The Carlisle Citadel
History, tourist information, and nearby accommodation
HERITAGE HIGHLIGHTS: Tudor stonework in the eastern tower
One of Carlisle's most iconic set of historic buildings is The Citadel, located at the southern end of the medieval city walls. The Citadel dates to 1541 when Henry VIII ordered it built to replace the medieval Botcher Gate.
The Citadel was built to a design by Stephen von Haschenperg, a military engineer from Moravia. The original medieval gate was blocked up, and a pair of gunports built in the former gateway opening. Curtain walls were built to connect the towers to a pair of large bulwarks, each two storeys high and 60 feet across. The tower walls were massive, measuring 12 feet thick. A third tower was built to hold artillery, and casements to mount the guns were built within the two main towers.
A new gate, called the English Gate, was built beside the new Citadel buildings to the north and a bastion wall stretched between the two towers.
The Citadel was finished in 1542. but it was not until 1545 that it was supplied with artillery. The guns were badly needed, for it was reported that between the castle and the Citadel there was just one aged gunner. The citizens of Carlisle were so alarmed by this sorry state of affairs that they offered to pay for the artillery themselves. Not surprisingly, Henry VIII agreed to this plan. To be fair to Henry, he then provided a garrison of 500 men to man the city's new defences.
One has to wonder about Henry's priorities though; when the guns were finally installed they did not pint south towards England, but north over the city itself. The message was clear; if the Scots invaded Henry was quite prepared to destroy Carlisle rather than see it in Scottish hands.
The Citadel was converted to use as a gaol in 1611 after the old county goal became so decripit that 28 out of a total of 33 prisoners managed to escape. Clearly the city needed at new gaol, and the Tudor Citadel fit the bill.
Much of the Tudor fortress was demolished in 1810 to make way for the present pair of round towers, designed by Thomas Telford and completed under the supervision of Sir Robert Smirke. The only part of the towers to survive from the Tudor defences is the lower section of the eastern tower.
The west tower housed criminal courts and the east tower was home to the civil courts.
In 1827 a new county gaol was built, and it continued in use until 1927. Connected to the gaol was the Crown Court, which stayed in use until 1996 when new court buildings were erected on Earl Street. The space was then used as offices by the Cumbria County Council.
At the heart of the old gaol quarters is the condemned prisoner cell, where prisoners sentenced to be executed spent their final night. From the cell the prisoner was marched up a set of steps inside the Citadel to the gallows set up on the roof, and there they would be publicly hanged, watched by a crowd gathered below.
Condemned prisoners had up to 21 days to appeal their sentence, so in theory they could spend three weeks in the condemned cell - not a pleasant way to spend your time. The last person to make that fateful walk up the stairs to the gallows was William Charlton, condemned to hang for murder in 1862. After that time executions took place in private, within the Citadel itself.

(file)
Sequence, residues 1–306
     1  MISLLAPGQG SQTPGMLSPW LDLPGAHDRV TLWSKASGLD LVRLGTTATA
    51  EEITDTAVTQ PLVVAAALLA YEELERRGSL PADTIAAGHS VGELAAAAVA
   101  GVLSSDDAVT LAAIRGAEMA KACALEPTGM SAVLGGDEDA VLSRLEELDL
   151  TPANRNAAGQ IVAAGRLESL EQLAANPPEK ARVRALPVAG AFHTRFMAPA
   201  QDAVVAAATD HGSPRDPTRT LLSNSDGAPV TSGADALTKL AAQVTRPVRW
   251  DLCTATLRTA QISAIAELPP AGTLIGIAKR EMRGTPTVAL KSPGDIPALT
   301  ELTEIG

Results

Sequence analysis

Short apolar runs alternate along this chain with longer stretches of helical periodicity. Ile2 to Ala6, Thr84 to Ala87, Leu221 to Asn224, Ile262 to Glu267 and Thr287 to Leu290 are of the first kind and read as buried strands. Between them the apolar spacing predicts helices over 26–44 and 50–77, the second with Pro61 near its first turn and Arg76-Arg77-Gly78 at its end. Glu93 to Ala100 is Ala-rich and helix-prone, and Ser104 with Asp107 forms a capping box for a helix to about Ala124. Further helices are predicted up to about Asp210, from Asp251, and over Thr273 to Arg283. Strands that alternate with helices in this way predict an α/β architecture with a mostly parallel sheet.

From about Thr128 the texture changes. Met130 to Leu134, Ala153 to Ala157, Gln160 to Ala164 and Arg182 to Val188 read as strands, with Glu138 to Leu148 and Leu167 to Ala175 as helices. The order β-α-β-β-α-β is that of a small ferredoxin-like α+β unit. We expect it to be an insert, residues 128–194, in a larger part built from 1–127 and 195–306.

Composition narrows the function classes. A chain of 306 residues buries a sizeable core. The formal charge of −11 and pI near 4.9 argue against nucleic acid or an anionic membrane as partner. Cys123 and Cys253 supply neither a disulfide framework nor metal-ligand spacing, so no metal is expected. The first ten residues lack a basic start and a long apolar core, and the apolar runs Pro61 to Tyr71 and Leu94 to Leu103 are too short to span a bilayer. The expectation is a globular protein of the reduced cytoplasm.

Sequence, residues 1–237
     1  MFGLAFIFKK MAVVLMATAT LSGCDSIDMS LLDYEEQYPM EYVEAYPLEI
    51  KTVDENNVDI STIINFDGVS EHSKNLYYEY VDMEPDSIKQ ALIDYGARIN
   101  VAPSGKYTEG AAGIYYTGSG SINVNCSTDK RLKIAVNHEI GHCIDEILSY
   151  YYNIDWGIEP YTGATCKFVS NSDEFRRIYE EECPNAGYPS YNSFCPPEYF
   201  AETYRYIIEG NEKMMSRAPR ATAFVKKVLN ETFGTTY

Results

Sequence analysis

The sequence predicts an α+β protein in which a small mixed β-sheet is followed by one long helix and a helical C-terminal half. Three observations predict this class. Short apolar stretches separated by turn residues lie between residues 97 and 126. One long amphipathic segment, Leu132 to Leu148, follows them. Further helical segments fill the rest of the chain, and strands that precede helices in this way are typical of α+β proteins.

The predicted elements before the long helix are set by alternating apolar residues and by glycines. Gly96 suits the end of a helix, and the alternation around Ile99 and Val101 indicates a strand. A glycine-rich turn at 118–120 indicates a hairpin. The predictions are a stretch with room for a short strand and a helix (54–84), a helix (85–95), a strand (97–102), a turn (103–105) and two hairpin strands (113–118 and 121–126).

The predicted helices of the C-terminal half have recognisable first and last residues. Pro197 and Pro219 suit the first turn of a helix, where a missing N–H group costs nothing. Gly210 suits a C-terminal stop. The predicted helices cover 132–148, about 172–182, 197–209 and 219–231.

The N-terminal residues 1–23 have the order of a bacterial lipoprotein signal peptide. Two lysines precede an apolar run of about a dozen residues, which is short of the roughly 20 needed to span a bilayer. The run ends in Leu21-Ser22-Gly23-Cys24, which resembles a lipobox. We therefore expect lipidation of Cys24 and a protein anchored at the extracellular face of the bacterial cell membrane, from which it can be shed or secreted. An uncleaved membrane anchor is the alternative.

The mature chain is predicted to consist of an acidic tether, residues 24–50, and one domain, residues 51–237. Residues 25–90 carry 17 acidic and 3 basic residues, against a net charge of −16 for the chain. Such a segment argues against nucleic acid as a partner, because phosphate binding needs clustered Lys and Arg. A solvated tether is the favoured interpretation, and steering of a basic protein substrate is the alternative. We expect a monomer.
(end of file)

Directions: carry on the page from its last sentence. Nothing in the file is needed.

The area once occupied by the main prison is now occupied by a council building erected in the 1960s.
Under the old court rooms is an exhibition on the Netherby Hall burglary, one of the most notorious crimes ever committed in Cumbria. Netherby Hall was a large house in Longtown, not far north-east of Carlisle In 1885 a trio of burglars broke into the Hall and stole a collection of jewellery. The police chased the burglars, and in the pursuit one policeman was killed and two more injured by gunshots. The three burglars were eventually caught and sentenced to die for murder. They were executed in the Citadel in February 1886.
You can walk up the staircase that ked from the prisoner cells to into one of the courtrooms. One curiosity in the courtroom is a wooden hood over the place where the accused person stood. this was erected to protect the accused from any missiles thrown by watchers in the public galleries above the courtroom.
Public tours of the Citadel can be booked through the tourist information centre in the Market Square. Both towers can be viewed, and special evening group tours can be arranged.
The Citadel was in the news in 2016 when Cumbria County Council published plans to develop the Citadel buildings into a complex including a hotel, a restaurant, a supermarket, shops, and flats.
About The Carlisle Citadel
Address: English Street, Carlisle, Cumbria, England, CA3 8SW
Attraction Type: Historic Building - Landmark
Location: At the junction of English Street with Botchergate (the A6).
Photo Credit: David Ross and Britain Express
Heritage Rated from 1- 5 (low-exceptional) on historic interest
Carlisle, St Cuthbert's Church - 0.2 miles (Historic Church)
Carlisle Guildhall Museum - 0.2 miles (Museum)
Carlisle Cathedral - 0.3 miles (Cathedral)
Tullie House Museum - 0.3 miles (Museum)
Carlisle Castle - 0.5 miles (Castle)
Warwick on Eden, St Leonard's Church - 4 miles (Historic Church)
Wetheral, Holy Trinity & St Constantine Church - 4.1 miles (Historic Church)
Wetheral Priory Gatehouse - 4.2 miles (Abbey)
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